Making Shared-Use Work

An Amtrak is passing a BNSF coal train in the Illinois countryside.

Change Relationship between States, Amtrak and Railroads

Unlike Europe and Asia, most of the rail infrastructure in the U.S. is privately owned. Amtrak and other publicly-owned passenger railroads must negotiate with privately-owned railroads for use of their lines.

New arrangements between governments and railroads are needed to create incentives for railroads to add passenger-grade trackage and be proactive with service improvements to increase passenger market share. The new bargain should persuade railroads to become advocates for increased government funding, just as highway contractors lobby hard for public investment in roads.

The Incremental Cost Problem

The core problem is that Amtrak pays too little for the use of freight tracks. They are paying rates substantially below that of freight customers and yet command premium service. This situation was created by the incremental cost formula contained in Amtrak’s enabling legislation.

Railroads provide substantial public benefit. As such, they were given special powers to assemble and manage rights-of-way that are not available to most corporations. In many cases, the railroads were given land as an incentive to construct new lines through sparsely populated areas. In exchange, railroads have special responsibilities, including (in most cases) being chartered as common carriers. Common carriers are required to haul any commodity offered to them, within reason. That included passengers until 1971.

Amtrak was created in 1971 to relieve the railroads of their obligation to carry passengers. For cultural and regulatory reasons, the railroads were unable to adapt to new market realities created by massive public investments in highways and airports in the 1950s and 1960s. Removing passenger carriage was the first step towards new regulatory structures needed to keep the railroads viable.

There was substantial surplus track capacity when Amtrak was created. Therefore, it was reasonable that Amtrak pay the railroads just the costs incurred by operating its trains. In essence, the deal was that the railroads would switch from losing money on passenger trains to not losing money without really making a profit either.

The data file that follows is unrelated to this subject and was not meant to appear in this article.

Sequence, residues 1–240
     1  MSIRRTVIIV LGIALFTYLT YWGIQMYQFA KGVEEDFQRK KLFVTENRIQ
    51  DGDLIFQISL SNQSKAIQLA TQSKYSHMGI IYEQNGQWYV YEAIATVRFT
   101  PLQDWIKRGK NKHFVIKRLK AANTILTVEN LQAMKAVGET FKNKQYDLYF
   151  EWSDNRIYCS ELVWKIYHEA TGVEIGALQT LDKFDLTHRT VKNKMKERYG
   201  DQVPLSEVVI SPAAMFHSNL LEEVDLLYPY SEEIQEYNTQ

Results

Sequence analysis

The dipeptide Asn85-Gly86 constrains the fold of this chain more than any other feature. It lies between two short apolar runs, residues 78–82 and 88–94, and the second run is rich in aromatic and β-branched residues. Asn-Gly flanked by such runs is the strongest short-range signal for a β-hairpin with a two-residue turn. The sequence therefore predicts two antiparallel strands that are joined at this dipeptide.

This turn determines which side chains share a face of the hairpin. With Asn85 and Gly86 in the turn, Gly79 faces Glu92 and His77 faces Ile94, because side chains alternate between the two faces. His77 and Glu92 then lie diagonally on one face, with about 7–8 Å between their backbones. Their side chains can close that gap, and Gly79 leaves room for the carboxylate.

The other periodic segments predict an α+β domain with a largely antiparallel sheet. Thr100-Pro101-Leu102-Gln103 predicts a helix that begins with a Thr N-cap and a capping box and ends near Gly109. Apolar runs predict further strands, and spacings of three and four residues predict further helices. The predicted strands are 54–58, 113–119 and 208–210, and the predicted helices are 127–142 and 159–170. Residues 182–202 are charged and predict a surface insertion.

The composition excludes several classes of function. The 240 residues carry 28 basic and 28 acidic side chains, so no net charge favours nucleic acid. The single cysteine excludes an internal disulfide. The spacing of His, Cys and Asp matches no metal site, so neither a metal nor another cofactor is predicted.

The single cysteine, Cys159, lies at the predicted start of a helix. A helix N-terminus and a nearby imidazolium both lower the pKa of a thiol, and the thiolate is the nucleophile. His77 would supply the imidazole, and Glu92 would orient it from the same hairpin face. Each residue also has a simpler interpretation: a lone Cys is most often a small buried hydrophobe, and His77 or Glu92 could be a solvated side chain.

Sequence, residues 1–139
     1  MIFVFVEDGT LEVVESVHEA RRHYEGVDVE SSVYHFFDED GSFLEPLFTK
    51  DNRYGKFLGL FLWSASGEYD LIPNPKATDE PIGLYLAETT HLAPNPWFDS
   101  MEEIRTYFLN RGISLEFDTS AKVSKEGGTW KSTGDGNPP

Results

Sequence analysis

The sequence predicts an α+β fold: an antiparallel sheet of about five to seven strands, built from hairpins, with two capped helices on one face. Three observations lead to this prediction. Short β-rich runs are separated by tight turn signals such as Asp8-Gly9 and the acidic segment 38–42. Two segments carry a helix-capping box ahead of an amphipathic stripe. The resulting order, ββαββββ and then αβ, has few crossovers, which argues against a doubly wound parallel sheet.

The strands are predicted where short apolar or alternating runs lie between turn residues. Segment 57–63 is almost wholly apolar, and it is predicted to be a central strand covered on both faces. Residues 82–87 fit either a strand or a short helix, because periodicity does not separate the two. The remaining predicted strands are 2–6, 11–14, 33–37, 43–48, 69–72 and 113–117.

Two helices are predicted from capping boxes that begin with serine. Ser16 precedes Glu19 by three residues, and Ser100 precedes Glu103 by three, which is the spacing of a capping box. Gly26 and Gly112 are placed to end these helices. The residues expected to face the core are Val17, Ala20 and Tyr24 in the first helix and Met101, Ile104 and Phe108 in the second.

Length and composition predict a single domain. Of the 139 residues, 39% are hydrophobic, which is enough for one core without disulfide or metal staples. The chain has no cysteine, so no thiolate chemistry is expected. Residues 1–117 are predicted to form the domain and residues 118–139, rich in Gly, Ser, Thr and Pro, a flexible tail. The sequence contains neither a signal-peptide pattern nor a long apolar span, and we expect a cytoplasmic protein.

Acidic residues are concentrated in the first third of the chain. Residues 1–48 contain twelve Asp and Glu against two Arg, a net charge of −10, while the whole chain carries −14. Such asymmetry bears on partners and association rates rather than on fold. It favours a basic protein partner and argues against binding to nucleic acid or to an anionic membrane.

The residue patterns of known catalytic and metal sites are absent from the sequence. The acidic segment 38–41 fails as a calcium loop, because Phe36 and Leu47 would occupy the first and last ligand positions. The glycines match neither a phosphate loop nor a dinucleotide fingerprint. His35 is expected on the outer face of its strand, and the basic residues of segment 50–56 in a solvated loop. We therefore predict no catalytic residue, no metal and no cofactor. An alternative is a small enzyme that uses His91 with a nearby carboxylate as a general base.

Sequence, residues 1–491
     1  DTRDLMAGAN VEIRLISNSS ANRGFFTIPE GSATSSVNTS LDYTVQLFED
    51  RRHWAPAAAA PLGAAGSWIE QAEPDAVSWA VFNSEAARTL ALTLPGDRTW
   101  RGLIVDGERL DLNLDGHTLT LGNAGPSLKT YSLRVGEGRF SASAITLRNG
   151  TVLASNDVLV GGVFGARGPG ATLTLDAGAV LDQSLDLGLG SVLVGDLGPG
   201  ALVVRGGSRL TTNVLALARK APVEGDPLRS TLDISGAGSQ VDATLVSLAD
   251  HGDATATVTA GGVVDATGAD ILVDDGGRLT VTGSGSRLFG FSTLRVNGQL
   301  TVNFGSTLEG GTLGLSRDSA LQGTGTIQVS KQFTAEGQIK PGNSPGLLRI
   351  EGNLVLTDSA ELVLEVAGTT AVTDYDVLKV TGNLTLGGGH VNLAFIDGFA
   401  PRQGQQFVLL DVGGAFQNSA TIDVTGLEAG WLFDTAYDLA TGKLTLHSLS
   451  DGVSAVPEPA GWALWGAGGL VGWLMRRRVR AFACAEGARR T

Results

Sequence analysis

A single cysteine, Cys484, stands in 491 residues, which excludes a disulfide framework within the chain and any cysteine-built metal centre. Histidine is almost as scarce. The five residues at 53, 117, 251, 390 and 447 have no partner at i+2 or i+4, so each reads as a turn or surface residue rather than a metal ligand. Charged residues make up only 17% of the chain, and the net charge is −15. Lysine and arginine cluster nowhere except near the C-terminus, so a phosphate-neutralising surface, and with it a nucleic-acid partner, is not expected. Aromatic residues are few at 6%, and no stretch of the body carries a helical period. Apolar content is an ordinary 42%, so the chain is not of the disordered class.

Since the original deal was made, various government policies have encouraged railroads to focus on very long, heavy trains while removing and downgrading trackage. As a result, the network now is not optimized for short (compared to long freight trains), fast passenger trains.

New government policies are needed that make operating passenger trains profitable for the railroads so that they will invest in the infrastructure needed to run them.

Several strategies can help get us there, most of these have been used with success on routes in several states. A more comprehensive approach is needed.

Sweeten the deal for private railroads

We need new policies that make operating passenger trains profitable for the railroads so that they will invest in the infrastructure needed to run them. There are several strategies, many of which have been proven successful on individual routes in various states.

Increase the rate per train mile

The most effective incentive would be to pay the railroads a market rate for use of the track. The railroad would then be directly responsible for planning, financing, constructing and maintaining high-quality trackage needed to operate passenger trains.

Amtrak pays too little for the use of freight tracks. It pays railroads substantially less than freight customers, yet requires track priority and higher maintenance standards. This is a result of the 1971 legislation that created Amtrak and relieved private railroads of the duty of running passenger trains.

Since that 1971 deal, policies and market conditions have encouraged freight railroads to run a smaller number of longer trains instead of a great number of shorter trains. Lines that were once two or more tracks have been reduced to single tracks with occasional passing sidings. Our railroad network is no longer optimized for (relatively) short, fast passenger trains.

In general, Amtrak pays railroads about $5.00 per train mile, and it already pays incentives above the statutory rate for delivering on-time performance. Our initial research suggests that the per-train-mile charge should be increased substantially to make passenger trains an appealing customer for freight railroads. Revenue will go up with the increased ridership that comes with higher frequency and reliability. Per-train costs will go down with economy of scale and more efficient train equipment. These higher revenues and lower operating costs will largely offset the higher per-mile fee. This would also result better freight service as the railroads are encouraged to think more holistically about their infrastructure and dispatching.